UNAIR ranked World Top 100 THE Impact Rankings for SDG No Poverty

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One of the students collected data and provided assistance to the community. (Photo: NEWS UNAIR)
One of the students collected data and provided assistance to the community. (Photo: NEWS UNAIR)

UNAIR NEWS – Not long ago, Times Higher Education (THE), one of the global university ranking institutions, has released its Impact Rankings 2021. The Impact Rankings is a ranking that assesses the success of a university to achieve the Sustainable Development Goals (SDGs). In this ranking, Universitas Airlangga (UNAIR) managed to achieve 90th place for No Poverty goal.

According to Dr. M. Hadi Shubhan, S.H., M.H., C.N., as UNAIR Director of Student Affairs, it is an outstanding achievement and in line with one of UNAIR’s visions to become a leading university at international level. Furthermore, the Faculty of Law lecturer said that the achievement was also following UNAIR’s core value, Excellence with Morality.

“This aspect of Morality underlies the achievement of No Poverty,” he added.

Provide various scholarships

The lecturer, known better as Hadi, said that this achievement needs to be improved. Therefore, his unit continues to make various efforts, especially in the field of Student Welfare, to increase the number of recipients of educational scholarships and educational aids for students from poor communities.

“At the end of 2020, 9,286 undergraduate and vocational students or around 30 percent of students had received scholarship supports. It is far above the regulatory obligation that requires a minimum of 20 percent of students receiving scholarships,” explained the 48-year-old lecturer.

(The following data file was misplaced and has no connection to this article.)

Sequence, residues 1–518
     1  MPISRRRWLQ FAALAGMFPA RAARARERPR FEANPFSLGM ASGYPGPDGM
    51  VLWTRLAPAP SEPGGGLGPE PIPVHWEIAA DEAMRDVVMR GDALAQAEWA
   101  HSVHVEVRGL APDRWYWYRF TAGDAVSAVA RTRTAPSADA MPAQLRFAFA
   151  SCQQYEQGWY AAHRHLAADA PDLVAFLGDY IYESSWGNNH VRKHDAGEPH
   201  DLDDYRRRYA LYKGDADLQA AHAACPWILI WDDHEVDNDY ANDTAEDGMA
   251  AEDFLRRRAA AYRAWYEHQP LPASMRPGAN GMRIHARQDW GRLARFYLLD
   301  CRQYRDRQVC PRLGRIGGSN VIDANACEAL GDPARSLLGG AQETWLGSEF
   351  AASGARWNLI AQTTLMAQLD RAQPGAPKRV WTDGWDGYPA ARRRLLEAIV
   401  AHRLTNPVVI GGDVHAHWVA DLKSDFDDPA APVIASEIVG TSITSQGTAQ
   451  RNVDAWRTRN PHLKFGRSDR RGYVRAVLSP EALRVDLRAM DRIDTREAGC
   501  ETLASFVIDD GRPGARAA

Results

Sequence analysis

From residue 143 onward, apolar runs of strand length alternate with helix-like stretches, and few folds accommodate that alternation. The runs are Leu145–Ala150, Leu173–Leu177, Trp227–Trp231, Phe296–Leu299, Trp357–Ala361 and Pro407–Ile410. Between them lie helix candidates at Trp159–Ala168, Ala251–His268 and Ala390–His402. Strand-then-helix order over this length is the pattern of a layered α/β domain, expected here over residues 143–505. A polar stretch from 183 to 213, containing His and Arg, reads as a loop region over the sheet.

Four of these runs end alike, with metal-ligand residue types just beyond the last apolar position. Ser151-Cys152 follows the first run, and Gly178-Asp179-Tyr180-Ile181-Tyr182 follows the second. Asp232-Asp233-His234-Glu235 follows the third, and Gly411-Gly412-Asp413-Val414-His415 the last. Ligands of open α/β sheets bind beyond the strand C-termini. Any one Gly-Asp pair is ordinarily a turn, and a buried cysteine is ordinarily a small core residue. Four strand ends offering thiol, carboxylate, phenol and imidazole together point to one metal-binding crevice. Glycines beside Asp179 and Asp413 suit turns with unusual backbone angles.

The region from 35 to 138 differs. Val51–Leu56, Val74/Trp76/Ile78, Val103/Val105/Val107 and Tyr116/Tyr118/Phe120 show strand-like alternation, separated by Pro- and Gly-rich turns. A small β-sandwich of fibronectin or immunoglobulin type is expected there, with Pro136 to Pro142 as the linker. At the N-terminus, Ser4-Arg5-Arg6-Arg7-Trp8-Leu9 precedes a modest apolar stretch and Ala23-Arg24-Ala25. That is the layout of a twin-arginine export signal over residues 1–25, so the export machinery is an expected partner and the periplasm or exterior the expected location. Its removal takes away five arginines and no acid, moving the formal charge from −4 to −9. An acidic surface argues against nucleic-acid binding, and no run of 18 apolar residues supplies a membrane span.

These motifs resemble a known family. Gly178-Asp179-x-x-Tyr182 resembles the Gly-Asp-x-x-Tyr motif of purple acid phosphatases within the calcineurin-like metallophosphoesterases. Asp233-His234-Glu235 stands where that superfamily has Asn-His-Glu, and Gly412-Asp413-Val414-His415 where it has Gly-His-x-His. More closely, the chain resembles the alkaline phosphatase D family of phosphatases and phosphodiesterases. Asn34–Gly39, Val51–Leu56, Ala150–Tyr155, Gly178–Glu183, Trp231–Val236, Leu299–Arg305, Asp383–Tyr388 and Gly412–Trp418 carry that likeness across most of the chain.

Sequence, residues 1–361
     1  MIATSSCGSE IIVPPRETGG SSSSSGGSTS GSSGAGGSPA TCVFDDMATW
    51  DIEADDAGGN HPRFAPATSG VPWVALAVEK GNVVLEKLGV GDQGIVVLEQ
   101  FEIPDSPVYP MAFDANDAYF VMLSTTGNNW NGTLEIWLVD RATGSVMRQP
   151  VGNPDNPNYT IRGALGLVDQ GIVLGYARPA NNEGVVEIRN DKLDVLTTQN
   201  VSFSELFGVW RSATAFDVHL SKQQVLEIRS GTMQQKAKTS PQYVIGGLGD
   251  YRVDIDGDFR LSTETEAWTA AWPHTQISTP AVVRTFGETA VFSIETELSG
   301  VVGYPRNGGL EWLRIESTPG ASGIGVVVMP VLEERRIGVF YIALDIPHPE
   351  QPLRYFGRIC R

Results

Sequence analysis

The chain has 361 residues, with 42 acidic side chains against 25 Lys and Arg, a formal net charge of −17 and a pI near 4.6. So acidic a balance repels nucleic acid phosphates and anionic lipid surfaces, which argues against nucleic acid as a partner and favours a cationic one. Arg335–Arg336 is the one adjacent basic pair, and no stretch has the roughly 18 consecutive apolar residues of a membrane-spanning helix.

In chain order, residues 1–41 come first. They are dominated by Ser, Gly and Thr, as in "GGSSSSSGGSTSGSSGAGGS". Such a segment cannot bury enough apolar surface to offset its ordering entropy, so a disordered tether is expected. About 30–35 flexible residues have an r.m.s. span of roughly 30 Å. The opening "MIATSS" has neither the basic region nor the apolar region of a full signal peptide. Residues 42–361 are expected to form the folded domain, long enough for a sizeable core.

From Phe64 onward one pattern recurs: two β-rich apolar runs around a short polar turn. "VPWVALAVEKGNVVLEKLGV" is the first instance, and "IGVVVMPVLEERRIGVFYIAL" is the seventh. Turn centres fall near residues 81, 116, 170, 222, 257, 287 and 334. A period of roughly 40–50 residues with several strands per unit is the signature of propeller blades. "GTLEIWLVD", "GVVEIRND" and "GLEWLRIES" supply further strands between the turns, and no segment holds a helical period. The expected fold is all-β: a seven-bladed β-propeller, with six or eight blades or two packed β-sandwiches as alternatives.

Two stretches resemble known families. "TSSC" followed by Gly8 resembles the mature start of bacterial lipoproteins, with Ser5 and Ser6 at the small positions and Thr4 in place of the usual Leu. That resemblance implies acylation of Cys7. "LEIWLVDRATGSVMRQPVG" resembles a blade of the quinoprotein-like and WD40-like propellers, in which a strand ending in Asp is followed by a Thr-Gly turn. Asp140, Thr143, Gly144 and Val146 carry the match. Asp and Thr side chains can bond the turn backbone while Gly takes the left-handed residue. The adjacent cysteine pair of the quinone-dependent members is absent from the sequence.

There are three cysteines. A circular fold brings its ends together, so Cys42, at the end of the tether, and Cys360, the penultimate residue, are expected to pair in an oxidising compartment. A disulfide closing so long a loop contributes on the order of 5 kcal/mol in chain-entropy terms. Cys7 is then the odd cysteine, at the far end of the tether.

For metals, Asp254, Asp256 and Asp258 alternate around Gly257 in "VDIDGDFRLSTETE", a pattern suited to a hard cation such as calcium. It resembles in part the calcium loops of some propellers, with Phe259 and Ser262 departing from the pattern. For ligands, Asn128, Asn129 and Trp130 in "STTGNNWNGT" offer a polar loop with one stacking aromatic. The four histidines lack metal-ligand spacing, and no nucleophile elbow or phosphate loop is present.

Hadi said that there were several scholarships provided by UNAIR related to “No Poverty” goal. For example, the KIP  College (bidikmisi) has 1,400 students per batch, UKT(Single Tuition Fee) assistance worth 2.4 million for 2400 students during the pandemic, UKT reduction for 5,000 poor students or affected by the pandemic, UKT exemption for 2000 final semester extension students, and the ability to pay UKT in installments for 2,428 students.

“In the future, the number of scholarship recipients needs to be increased, both in terms of the quantity of students and the quality of the sum assistance,” he said.

Minimizing misallocation

It is undeniable that the number of scholarships or aids provided by UNAIR for poor students is sometimes taken advantage of by some students who are actually well off. To minimize this, Hadi explained that the selection stages for deserving students must use a verification system, and if necessary, a direct survey will be conducted.

“Especially for KIP College recipients, if they are found out to be rich students, they will certainly be dismissed. Anyone can report to us about it. Other students who need help can apply for merit scholarships that are not related to the financial conditions,” he explained.

Finally, Hadi hoped that there would be no poor students who cannot continue their studies because they cannot afford to pay tuition fees or pay for living costs(*)

Author: Nikmatus Sholikhah

Editor: Feri Fenoria

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